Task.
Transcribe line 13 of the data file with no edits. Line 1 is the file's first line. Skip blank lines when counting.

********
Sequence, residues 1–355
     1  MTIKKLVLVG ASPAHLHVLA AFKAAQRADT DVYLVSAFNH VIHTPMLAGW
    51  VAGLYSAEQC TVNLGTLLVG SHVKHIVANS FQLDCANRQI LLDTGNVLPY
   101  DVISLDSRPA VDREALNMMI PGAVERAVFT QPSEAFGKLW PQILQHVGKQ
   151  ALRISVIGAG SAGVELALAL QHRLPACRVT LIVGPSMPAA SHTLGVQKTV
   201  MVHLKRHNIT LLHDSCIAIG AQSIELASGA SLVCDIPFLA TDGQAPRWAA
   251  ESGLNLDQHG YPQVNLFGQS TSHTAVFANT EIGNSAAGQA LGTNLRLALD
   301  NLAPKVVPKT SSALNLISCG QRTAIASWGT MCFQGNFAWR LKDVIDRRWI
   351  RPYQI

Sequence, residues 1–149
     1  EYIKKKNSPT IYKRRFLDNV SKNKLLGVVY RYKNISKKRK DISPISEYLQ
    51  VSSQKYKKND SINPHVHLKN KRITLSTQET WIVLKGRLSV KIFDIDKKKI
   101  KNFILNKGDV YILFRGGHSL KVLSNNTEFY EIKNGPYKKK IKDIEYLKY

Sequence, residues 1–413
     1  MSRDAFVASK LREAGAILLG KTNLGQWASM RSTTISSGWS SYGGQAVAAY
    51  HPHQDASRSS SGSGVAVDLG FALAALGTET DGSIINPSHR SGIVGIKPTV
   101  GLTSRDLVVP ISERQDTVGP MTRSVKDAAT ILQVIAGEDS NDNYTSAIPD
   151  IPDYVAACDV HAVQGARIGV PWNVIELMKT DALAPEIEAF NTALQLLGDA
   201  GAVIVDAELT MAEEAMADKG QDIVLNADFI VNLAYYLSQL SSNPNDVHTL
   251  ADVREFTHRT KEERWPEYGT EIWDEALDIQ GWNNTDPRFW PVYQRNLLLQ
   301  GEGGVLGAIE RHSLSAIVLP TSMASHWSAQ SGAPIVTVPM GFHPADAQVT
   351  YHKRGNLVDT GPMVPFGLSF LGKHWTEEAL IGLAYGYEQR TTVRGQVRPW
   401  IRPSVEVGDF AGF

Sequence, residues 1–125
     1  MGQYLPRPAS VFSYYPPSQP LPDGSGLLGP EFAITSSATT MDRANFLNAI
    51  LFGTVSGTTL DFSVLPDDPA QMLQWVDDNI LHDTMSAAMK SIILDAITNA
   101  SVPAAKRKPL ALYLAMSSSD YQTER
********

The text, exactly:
   101  KNFILNKGDV YILFRGGHSL KVLSNNTEFY EIKNGPYKKK IKDIEYLKY